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Sign Painter’s New Sign for Old Maine Railroad Station Needs a Home

By on October 18, 2022 0

WESTBROOK, Maine — Traditional sign painter Jay Peterson, 68, can read the writing on the wall.

It’s no surprise since Peterson printed the words “Bangor and Aroostook Railroad, Almost Isle” himself on a two-foot square wooden sign, using a gleaming layer of 23-karat gold.

But Peterson doesn’t know what to do with his creation.

The railway line went bankrupt 20 years ago, the station has long since disappeared and the train enthusiast who commissioned the replica died before he could pay. Now Peterson hopes to find someone who will buy the sign and display it in honor of the old depot, which was 300 miles north of his Westbrook workshop.

“He was 85 and a real collector,” Peterson said of the man who commissioned the sign. “He also had real, actually old northern railroad signs.”

Peterson declined to name the man, to protect his family’s privacy. Peterson also stressed that he wasn’t angry with the late collector’s widow, who isn’t interested in taking the sign or paying for the crafty 10-hour job.

“She said even talking about it made her sad,” Peterson said.

The collector had commissioned other replica signs from Peterson in the past and had commissioned the painter to create the Près Isle station sign in July. He had sent a historic photo of the original old station sign for Peterson to copy.

But the man died the same month and never saw the finished work.

Peterson is an old school sign painter. He does not use computers and instead creates his work freehand. It also does not use vinyl or printed graphics. Peterson’s only tools are paint, brushes and gold leaf.

“Gold is all a process,” Peterson said.

He begins by tracing the letters in a high quality sticky varnish.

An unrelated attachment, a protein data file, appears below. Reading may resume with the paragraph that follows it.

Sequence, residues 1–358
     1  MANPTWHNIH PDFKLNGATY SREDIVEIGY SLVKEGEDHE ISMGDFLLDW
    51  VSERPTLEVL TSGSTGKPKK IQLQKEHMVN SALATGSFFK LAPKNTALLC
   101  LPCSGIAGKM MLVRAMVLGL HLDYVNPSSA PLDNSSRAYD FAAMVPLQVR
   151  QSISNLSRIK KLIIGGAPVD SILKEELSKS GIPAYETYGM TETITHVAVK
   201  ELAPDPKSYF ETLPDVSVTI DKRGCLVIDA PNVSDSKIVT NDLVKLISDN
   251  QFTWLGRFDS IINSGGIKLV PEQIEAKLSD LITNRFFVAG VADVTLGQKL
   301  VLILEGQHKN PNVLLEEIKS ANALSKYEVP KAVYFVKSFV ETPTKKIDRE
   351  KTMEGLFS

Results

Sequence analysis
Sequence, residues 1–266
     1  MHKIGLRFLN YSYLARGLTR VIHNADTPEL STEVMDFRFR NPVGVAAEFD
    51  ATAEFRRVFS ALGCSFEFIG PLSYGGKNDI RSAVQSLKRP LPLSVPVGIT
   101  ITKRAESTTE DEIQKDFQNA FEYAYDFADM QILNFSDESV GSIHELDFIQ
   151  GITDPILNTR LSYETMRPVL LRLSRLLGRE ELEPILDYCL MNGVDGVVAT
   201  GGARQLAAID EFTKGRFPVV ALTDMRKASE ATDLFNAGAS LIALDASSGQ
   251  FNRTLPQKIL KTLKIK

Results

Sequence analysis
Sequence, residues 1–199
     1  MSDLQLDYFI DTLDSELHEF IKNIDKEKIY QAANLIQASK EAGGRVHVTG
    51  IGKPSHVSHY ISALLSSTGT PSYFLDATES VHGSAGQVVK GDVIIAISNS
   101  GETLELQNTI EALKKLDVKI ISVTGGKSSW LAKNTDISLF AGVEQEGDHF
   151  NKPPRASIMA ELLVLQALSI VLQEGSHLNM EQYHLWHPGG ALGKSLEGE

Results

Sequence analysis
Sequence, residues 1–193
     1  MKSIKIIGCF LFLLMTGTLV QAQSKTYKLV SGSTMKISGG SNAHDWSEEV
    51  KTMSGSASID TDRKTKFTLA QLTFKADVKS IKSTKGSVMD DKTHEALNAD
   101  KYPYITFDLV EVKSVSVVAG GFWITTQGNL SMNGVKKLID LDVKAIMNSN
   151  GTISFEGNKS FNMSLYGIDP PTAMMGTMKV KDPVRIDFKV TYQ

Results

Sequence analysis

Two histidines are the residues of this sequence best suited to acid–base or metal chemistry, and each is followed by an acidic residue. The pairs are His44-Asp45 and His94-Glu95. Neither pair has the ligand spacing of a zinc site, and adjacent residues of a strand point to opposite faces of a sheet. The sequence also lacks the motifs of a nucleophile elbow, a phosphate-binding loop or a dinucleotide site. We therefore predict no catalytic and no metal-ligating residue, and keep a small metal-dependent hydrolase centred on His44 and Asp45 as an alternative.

“I write it like I’m using paint,” Peterson said. “When it’s sticky and almost dry, I put the gold on it.”

The gold comes in the form of thin sheets of onion skin, glued to a special type of paper. After applying the paper to the sticky letters, gold side down, he burnishes the surface of the paper with velvet.

Then, when Peterson removes the paper, the gold adheres to the letters. Then he gently wipes off the loosened gold with a makeup brush.

Shiny metal, unlike paint, never fades and remains reflective and shiny long after the surrounding paint has faded.

“They used to do the same thing on old fire trucks,” Peterson said, “and I did a bunch of them too.”

The Bangor and Aroostook Railroad was originally incorporated in 1891. At its height, the line’s tracks snaked through the entire northern half of the state, from Bangor to Searsport to Millinocket to Almost Isle and on to Fort Kent.

About half of B&A’s business was carrying potatoes, but it also carried passengers until 1961 and brought coal to the old Loring Air Base in Limestone.

The railway began to shrink after World War II. It was sold in 1995 and declared bankrupt in 2003, after which it was taken over by a Canadian company.

But the B&A lives on in the railroad museums of Oakfield and Fort Fairfield, and in the imaginations of collectors and train enthusiasts like Peterson’s client.

“The sign is in a kind of phantom zone,” Peterson said. “At first I thought I would hang on to it.”

But on Sunday, Paterson remembered his business taxes were due soon and put the listing up for sale on social media for $450 or best offer.

“I would just like to see it go to someone who’s into the northern Maine stuff,” Peterson said.

You can contact Jay Peterson by email at [email protected].